The lock key assembly 82 can assume a locked position or an unlocked second position. The lock key assembly 82 includes a lock key portion 82 a that latches the cargo platform 14 to the cradle beam 18. The lock key assembly 82 further includes a tongue portion 82 b that extends through a first channel 77 b of the base 77 to a side surface 150 c of the lock actuator 150. Additionally, a plunger 82 c of the lock key assembly 82 extends through a second channel 77 c of the base 77. The plunger 82 c is coupled to a second spring 83 that biases the lock key assembly 82 toward the lock actuator 150. The second spring 83 abuts an outer side surface 77 d of the base 77 and a head of the plunger 82 c, such that, as the second spring 83 compresses against the outer side surface 77 d, the second spring 83 stores energy to extend the plunger 82 c from a first position to a second position.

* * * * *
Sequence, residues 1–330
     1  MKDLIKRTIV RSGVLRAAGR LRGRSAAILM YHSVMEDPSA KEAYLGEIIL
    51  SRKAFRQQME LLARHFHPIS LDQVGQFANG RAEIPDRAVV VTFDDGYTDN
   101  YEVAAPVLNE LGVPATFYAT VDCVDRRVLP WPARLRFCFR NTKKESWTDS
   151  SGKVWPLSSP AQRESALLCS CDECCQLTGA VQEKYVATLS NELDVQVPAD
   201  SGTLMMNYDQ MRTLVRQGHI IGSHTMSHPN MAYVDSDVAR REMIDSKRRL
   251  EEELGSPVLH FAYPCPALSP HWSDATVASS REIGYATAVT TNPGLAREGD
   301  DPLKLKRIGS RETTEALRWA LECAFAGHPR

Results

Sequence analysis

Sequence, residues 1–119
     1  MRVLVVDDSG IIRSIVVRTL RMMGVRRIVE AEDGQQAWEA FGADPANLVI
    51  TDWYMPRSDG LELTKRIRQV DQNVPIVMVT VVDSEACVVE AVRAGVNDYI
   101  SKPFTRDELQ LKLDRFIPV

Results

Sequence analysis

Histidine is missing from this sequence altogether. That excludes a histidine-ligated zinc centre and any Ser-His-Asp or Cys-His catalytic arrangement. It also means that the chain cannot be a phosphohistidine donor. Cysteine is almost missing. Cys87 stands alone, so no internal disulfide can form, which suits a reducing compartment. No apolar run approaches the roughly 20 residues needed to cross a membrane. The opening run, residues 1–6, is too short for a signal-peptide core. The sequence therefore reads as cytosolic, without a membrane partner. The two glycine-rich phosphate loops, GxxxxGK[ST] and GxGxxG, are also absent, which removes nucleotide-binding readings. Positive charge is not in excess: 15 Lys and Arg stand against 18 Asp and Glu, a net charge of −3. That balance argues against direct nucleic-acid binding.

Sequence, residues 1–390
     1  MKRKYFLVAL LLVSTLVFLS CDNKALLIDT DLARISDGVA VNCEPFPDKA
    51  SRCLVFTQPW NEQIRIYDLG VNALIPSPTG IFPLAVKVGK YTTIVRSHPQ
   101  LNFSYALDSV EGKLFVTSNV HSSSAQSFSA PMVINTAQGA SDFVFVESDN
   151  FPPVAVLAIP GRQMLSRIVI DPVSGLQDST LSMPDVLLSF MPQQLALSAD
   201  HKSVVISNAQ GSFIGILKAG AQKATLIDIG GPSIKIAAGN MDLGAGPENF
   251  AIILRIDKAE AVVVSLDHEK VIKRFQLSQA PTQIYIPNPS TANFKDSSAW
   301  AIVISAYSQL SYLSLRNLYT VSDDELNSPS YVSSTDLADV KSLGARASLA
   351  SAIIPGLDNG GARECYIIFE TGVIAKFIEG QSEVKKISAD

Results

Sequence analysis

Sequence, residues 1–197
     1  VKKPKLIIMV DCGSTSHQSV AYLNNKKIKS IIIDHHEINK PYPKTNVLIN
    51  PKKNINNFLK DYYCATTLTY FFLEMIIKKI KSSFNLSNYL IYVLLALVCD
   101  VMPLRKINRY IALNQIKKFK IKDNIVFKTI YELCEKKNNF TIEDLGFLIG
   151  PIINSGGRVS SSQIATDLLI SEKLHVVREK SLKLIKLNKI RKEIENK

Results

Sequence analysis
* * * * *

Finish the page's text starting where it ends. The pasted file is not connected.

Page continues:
Additionally, the locking mechanism 76 may include a release mechanism (not shown) for releasing the lock key portion 82 a from the cargo platform 14. The release mechanism is used by an operator to disengage the lock key portion 82 a from the cargo platform 14, such that the lock key assembly 82 travels from the lock position to the unlock position. The release mechanism may include a rope, a handle, a C-clamp device or any other mechanism capable of latching onto lock key portion 82 a and holding it away from the edge of the cargo platform 14.